- A curated list of videos from the Global Accessibility Awareness Day (21 May 2020): Introduction to the Public Sector Bodies accessibility regulations (34m), How to make your PDFs accessible (17m), How to engage your workforce on accessibility (16m), How to avoid common accessibility statement fails (42m), How to carry out basic web accessibility checks (58m), How to build digital services that work for everyone (30m).
- As iPhones get bigger, it can be harder to reach certain keys on your keyboard when using just one hand. Apple have built a “One-Handed Keyboard” mode, which squashes the keys together and makes it easier to reach any given key with your thumb. To enable: when using the keyboard in any app, press and hold the globe icon in the bottom left corner and choose “Keyboard settings”, then switch to right-handed or left-handed keyboard.
- A blog post by Glenda Sims, describing Deque’s different audit offerings. Clients need to choose the browsers and assistive technologies included in the audit, though this needs to be balanced against the cost of testing. Pragmatically, Glenda claims that using Chrome with NVDA will catch >90% of accessibility issues. Clients also need to choose which pages to test, which should include the site’s entry points, core paths and highest traffic pages. Lastly, they must choose what standard to test against: usually WCAG 2.1 Level A (lowest level of conformance) or AA.
- Luke Sam Sowden, who is “Severely Partially Sighted”, describes how he uses the accessibility features of his iPhone XR, and apps. He uses Microsoft Seeing AI, Tap Tap See and Digit-Eyes to use his phone’s camera to recognise objects, people and text in his surroundings. Google Maps gives good directions. The built-in Camera App is VoiceOver-compatible and tells him where his face is on the screen if he’s trying to take a selfie. Finally, he finds Twitter and Instagram quite accessible – the latter is improving with “Photo descriptions” and Instagram Stories.
- AudioEye is suing accessiBe for allegedly using tech that AudioEye has a U.S. patent on (patent no. 10,762,280). Both companies are involved with accessibility. accessiBe announced 12 million dollars of funding in May 2020. The article laments the fact that one a11y-focussed company is suing another, and wishes the money was spent improving the lives of disabled people instead. You can read the legal filing by AudioEye, but I’m inclined to agree that it’s a waste.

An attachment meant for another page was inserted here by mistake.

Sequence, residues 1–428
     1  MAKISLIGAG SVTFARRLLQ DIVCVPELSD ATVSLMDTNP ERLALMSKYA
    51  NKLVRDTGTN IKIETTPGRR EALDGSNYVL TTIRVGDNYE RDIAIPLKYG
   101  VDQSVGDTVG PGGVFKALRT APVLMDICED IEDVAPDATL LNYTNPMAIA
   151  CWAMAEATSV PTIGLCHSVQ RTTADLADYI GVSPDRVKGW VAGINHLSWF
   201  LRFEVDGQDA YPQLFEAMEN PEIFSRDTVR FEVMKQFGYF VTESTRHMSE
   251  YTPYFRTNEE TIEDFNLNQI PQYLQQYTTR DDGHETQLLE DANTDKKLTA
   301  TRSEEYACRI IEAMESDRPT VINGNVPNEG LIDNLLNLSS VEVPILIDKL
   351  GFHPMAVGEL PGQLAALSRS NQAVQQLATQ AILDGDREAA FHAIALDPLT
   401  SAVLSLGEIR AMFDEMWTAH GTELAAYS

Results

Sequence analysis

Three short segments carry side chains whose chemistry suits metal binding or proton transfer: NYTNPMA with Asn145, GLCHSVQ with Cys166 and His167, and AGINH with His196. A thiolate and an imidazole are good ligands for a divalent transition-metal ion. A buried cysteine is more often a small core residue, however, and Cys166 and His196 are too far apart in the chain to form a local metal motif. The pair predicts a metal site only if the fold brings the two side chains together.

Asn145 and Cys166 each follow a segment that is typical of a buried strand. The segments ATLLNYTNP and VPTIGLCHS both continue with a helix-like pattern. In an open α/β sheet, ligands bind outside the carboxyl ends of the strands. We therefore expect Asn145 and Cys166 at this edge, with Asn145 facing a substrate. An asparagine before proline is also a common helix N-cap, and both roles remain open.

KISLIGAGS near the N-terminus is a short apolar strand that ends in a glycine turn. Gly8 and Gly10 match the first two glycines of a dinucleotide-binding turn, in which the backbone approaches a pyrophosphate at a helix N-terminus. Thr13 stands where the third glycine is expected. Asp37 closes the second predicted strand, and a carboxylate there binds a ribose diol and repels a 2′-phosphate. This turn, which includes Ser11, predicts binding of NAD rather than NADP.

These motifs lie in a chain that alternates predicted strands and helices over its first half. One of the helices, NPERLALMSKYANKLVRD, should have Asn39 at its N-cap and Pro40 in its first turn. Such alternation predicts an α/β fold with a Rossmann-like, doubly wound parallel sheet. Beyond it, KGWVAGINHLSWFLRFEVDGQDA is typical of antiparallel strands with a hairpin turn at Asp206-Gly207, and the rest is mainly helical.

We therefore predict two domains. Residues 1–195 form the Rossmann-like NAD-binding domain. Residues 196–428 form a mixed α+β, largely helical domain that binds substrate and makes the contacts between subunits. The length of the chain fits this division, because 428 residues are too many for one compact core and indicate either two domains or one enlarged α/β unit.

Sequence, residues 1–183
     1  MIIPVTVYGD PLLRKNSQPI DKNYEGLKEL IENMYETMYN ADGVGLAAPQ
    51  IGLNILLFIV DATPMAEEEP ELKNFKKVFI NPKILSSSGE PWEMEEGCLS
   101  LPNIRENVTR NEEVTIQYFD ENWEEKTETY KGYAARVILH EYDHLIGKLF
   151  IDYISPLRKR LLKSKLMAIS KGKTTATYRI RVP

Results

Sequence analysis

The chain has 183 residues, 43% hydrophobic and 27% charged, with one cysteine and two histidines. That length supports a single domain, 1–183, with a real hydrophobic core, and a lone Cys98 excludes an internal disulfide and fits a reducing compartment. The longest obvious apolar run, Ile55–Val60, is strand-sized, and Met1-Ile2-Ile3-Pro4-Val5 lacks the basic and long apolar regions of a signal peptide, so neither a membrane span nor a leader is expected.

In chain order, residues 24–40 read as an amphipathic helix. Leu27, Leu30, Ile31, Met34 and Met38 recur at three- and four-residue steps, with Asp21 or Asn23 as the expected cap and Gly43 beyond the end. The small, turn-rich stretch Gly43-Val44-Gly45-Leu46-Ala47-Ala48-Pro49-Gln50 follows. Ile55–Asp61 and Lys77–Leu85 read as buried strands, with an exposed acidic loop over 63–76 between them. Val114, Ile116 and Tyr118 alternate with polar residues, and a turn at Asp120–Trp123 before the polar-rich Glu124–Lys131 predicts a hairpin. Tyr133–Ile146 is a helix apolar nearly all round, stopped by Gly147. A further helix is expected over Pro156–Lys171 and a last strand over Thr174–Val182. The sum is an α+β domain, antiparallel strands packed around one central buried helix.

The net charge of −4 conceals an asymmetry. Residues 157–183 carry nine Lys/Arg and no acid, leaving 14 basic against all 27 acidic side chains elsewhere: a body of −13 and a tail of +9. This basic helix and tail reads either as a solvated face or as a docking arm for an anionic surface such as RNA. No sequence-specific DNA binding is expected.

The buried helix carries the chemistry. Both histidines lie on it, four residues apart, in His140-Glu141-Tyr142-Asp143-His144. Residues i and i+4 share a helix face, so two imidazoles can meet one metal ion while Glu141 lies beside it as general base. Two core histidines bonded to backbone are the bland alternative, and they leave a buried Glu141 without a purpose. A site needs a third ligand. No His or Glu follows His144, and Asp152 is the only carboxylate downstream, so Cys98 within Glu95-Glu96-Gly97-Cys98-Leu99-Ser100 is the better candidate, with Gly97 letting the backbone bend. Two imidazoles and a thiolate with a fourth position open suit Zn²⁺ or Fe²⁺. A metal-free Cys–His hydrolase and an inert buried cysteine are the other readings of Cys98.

- Other than updating version numbers of AT and browser combinations, the main changes are: adding TalkBack (Android screen reader); reducing magnification level to test in from 10x to 4x; swapping ZoomText with Windows Magnifier or Apple Zoom; and specifying VoiceOver should be tested in iOS (testing in macOS is in a new ‘optional’ list for further testing).
- There’s also a helpful note about it being good to test with any screen reader, speech recognition tool or screen magnifier in your development environment, but that you should test against the full list prior to launch.
- Developer and accessibility expert Dave Rupert came to a realisation recently: “
alttext is like a paragraph”. To clarify, Dave isn’t talking about the length of the
alttext here, but the order in which it appears, and its contextual relevance. A lot of designs have images appearing before headings, but screen reader users who navigate by headings would miss the image (and
alt) entirely. If the image is important (e.g. “Sale” or “New”), it should probably be moved below the heading in the source order, but then perhaps rendered above the heading using something like the CSS
- Article by Deborah Edwards-Oñoro, summarising a few things you may not know about alt text for images in tweets. Alt text is now enabled by default on the web and apps (no need to turn on image descriptions in settings). Alt text cannot be added to already published tweets. It can be added to animated GIFs. You can use up to 1000 characters for alt text. If you leave it blank, Twitter will add “Image” as the alt text.
- Yahoo! article by Abby Haglage, explaining that clear face masks may not be the panacea we think it is for the deaf community. The masks can fog up, reducing visibility – and even if that is put aside, lip reading is only about 30% effective. Many advocates are encouraging people to learn some BSL (British Sign Language) instead. However, Abby acknowledges that clear masks are a step in the right direction.
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